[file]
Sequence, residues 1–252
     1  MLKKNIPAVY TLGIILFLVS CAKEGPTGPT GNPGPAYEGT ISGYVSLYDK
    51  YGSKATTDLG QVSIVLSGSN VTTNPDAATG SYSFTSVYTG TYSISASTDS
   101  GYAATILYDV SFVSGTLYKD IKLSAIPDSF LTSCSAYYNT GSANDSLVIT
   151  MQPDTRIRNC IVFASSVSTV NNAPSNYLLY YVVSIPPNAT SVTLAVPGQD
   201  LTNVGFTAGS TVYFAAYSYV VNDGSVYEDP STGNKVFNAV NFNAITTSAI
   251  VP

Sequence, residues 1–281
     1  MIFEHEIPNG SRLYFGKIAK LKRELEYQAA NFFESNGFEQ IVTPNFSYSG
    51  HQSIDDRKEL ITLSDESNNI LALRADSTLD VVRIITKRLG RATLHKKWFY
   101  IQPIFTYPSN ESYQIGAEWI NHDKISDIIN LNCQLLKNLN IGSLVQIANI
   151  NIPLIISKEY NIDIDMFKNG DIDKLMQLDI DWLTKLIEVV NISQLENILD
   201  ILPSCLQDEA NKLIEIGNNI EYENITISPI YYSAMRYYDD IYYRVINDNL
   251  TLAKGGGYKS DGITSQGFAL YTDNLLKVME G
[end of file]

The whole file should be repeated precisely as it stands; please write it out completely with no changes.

Sequence, residues 1–252
     1  MLKKNIPAVY TLGIILFLVS CAKEGPTGPT GNPGPAYEGT ISGYVSLYDK
    51  YGSKATTDLG QVSIVLSGSN VTTNPDAATG SYSFTSVYTG TYSISASTDS
   101  GYAATILYDV SFVSGTLYKD IKLSAIPDSF LTSCSAYYNT GSANDSLVIT
   151  MQPDTRIRNC IVFASSVSTV NNAPSNYLLY YVVSIPPNAT SVTLAVPGQD
   201  LTNVGFTAGS TVYFAAYSYV VNDGSVYEDP STGNKVFNAV NFNAITTSAI
   251  VP

Sequence, residues 1–281
     1  MIFEHEIPNG SRLYFGKIAK LKRELEYQAA NFFESNGFEQ IVTPNFSYSG
    51  HQSIDDRKEL ITLSDESNNI LALRADSTLD VVRIITKRLG RATLHKKWFY
   101  IQPIFTYPSN ESYQIGAEWI NHDKISDIIN LNCQLLKNLN IGSLVQIANI
   151  NIPLIISKEY NIDIDMFKNG DIDKLMQLDI DWLTKLIEVV NISQLENILD
   201  ILPSCLQDEA NKLIEIGNNI EYENITISPI YYSAMRYYDD IYYRVINDNL
   251  TLAKGGGYKS DGITSQGFAL YTDNLLKVME G